Lately, I've been in the mood to lighten up.
That mood creeps up on me with inordinate frequency, an inexplicable urge to giggle at something otherwise terrible or disgusting. I'm not sure if it's an Irish thing or just some weird, psychological inability to deal with trauma in a normal way. I do know that even on the very day when shit went down with little Zachary, I was wandering around the radiology floor on Kevin's arm, laughing at something silly. (For the record, Kevin was laughing too, and he's my barometer for what behavior is within the limits of social and societal normalcy, I figured it was okay. If a Catholic-bred son of a Marine Corps colonel can do it, I can do it.)
Anyway, this particular recent urge to "lighten up" has been related more to my physical appearance and my house than to my actual mood (although I suppose "mood" is probably intertwined with that somehow).
Let's start with the hair. Mine has been about this length for year and years, give or take a few inches:
Heavy, boring, blah. Guys like to brush it off your face, and kids like to touch it with their snotty swine-flu-infested fingers, but otherwise it's pretty useless. The past few weeks, I was in the mood to lighten up that part of myself. Low and behold, the perfect opportunity came up over the weekend, when I was invited to a "haircut brunch" at a friend's house. I was skeptical at first, because it sounded like one of those things that housewives do, like hosting a Tupperware party or a jewelry exchange. Not that there's anything wrong with either of those events - just not my cup of tea.
But I sucked it up and went because I knew the people there would be cool, and because - after all- this was a chance to lighten up.
A "haircut brunch" goes like this, in case you aren't sure:
Some peeps get together for brunch, and one of the gals at the brunch is supposedly a professional hair cutter, and you don't have any proof of this but you take her word for it, and you sit in a chair while scarfing down pieces of fried bacon, and she goes snip-snip-snip directly onto your dry (and in my case, several-days-unwashed) hair, and lots and lots of your hair falls straight onto the living room floor, and everybody laughs and says you look great, and you nervously ask for more bacon and pray that you aren't going to walk out of that house looking like Sinead O'Connor.
But you don't end up looking like that. You end up looking like this:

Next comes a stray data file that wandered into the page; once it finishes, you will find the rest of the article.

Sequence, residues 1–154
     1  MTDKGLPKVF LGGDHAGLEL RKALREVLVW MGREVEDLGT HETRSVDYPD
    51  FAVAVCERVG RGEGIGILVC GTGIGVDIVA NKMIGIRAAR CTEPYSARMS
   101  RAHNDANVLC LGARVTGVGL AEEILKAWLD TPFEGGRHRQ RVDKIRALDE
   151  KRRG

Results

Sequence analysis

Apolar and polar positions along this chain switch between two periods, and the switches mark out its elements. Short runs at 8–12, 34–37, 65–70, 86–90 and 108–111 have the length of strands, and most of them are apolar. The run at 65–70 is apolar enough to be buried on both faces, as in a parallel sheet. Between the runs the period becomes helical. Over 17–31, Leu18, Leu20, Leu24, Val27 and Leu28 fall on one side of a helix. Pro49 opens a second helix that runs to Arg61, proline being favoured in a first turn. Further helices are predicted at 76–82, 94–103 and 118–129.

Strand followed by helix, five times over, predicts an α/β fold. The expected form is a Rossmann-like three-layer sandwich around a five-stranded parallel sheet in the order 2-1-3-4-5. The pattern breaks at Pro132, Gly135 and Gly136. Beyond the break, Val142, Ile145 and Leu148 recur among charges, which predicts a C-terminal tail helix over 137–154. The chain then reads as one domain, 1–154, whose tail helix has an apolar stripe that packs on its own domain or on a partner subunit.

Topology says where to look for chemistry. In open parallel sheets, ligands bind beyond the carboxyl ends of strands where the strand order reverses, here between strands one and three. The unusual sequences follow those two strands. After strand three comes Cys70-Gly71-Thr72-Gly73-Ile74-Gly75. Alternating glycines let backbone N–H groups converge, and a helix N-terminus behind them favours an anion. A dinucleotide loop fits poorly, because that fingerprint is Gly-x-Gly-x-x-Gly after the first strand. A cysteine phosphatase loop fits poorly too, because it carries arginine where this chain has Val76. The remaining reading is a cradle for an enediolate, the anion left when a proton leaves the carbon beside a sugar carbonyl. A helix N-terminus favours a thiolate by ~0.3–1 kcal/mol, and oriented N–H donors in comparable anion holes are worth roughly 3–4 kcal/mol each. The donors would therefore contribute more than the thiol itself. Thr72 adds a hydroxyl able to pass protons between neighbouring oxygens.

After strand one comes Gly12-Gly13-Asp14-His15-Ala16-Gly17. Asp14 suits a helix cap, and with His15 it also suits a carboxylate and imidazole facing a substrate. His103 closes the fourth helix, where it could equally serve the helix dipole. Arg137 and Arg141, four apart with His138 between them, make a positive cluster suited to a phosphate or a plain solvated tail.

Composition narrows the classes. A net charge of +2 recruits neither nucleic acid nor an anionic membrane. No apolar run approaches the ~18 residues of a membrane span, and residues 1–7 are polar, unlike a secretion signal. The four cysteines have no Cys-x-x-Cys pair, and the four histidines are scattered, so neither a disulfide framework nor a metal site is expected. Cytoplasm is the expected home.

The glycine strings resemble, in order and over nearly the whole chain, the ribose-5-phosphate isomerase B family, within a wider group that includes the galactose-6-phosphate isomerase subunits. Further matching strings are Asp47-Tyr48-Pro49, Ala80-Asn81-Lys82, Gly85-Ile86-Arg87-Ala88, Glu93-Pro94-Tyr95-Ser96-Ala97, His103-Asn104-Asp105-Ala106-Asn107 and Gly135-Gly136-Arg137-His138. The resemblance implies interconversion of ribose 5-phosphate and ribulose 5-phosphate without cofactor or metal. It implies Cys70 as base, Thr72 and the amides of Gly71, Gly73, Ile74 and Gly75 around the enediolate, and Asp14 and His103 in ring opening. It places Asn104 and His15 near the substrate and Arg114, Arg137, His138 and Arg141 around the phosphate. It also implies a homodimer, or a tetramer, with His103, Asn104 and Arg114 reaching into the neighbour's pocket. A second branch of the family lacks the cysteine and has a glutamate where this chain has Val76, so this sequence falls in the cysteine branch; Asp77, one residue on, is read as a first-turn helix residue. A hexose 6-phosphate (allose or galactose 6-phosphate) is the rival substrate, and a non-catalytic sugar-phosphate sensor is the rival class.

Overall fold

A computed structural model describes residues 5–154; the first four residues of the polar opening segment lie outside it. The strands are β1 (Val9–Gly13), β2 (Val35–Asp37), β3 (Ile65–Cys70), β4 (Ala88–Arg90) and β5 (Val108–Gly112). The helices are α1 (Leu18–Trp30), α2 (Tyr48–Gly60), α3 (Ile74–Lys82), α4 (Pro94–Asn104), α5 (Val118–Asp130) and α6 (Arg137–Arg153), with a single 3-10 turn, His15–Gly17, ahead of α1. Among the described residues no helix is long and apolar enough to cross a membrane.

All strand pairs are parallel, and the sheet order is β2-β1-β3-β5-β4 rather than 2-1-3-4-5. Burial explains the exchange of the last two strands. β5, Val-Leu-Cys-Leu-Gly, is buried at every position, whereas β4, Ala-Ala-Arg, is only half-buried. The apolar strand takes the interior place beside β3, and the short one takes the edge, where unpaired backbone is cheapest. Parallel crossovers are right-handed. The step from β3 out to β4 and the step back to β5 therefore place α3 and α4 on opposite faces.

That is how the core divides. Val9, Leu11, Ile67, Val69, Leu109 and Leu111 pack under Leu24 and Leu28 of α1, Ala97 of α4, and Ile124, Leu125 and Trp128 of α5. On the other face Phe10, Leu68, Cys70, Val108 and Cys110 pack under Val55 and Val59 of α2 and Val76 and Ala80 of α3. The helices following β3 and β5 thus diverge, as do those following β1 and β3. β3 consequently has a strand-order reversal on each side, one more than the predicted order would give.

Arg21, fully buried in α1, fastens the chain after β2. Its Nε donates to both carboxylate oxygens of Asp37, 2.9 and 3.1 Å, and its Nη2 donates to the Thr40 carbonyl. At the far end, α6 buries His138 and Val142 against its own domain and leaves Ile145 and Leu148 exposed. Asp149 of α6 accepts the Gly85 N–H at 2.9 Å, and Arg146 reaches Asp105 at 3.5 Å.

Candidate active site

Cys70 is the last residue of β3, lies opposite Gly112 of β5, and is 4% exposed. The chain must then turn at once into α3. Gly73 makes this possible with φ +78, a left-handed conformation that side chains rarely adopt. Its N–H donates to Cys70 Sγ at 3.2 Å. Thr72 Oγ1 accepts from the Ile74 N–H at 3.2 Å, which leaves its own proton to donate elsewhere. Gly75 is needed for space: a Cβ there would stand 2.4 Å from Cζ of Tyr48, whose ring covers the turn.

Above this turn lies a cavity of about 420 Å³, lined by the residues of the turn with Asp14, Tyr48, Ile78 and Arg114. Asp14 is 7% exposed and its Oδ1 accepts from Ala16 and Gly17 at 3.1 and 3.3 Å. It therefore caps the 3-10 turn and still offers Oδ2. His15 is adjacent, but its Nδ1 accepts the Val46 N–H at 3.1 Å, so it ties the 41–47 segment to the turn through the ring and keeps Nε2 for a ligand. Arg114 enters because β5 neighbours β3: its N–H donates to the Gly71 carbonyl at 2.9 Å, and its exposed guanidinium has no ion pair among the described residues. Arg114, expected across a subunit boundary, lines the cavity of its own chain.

And you walk out of there feeling all layered and choppy and sassy, with the cool autumn breeze on the nape of your neck and a bellyful of bacon, and your husband touches it right away and tells you how good you look. And then you beam proudly - because in the end it's still those immediate reactions that matter most - and give him a kiss, flip your head upside-down and flip it back up just to give it some extra volume, and say a quick "thanks" to the Great Being Above that you live in a contemporary society in which women can get haircuts like this at their every whim and not be viewed as some kind of rebel-prostitute-freak.
* * *
Next, lightening up of the house. There's only so much you can do with a tiny house in the city. And one of those things is: paint.
Sometime while biking through Eastern Europe last summer with all those drab post-Communist buildings whizzing by, I felt suddenly inspired to paint everything in the house a dark marigold-yellow color. I want bold, exotic, international, exciting! I told Kevin over a dinner of hot beef gristle and 9% alcohol beer. Bright, goldspun yellow the color of an Indian spice market! He had his doubts, but - that being...oh, about a year after Zach's death - I found myself still position to legitimately pull the dead-baby-momma-gets-whatever-dead-baby-momma-wants card.
"Okay," he said, "but that's all you."
So in a caffeine-induced frenzy, the walls got painted soon after our return:
Well, over the past two weeks I began to feel weighed down by that bold marigold-yellow. I know, I know; I only threw that paint up there a year ago, and really it should have a chance to sit there on the walls, fester a bit longer and enjoy itself. But once I got it in my head that I was sick of the color, there was no stopping me. In fact, it wasn't just the yellow I was tired of: I was done with colored walls of any sort. Time to return to something more...um...virginal.
"Let's switch over to white," I told Kevin. Plain old, ho-hum white trim with slightly off-white walls. We need to lighten the whole house up."
I wanted to feel like I was floating up into a cloud of lightness inside this house. Kevin did cast me the glance of "here we go again," but refrained from making some typically rational comment about how we "can't keep repainting every wall year after year" as I half expected he would. I think that's because this new painting endeavor happened to coincide perfectly with an existing plan, which was to:
1) "lighten up" our hardwood floors by getting them refinished
2) "lighten up" our furnishings by replacing old/clunky with new/slim
3) get rid of our kitchen table and replace it with a small bistro set
So, adding a bit of painting to all that didn't seem like such a big deal, I guess. Yippeee! So, within a few weeks, our house got as light as my new hair-do:
I know, it's so...um....white! So Ikea! So metrosexual condominium! But having that marigold yellow gone like five inches of heavy brown hair is, in fact, like a great superficial weight off my shoulders.
Phase two in Operation Lighten Up: the paunch belly and rapidly increasing thigh-diameter. That's a whole new beast of a phase, though. If only I didn't love food so very, very, very much...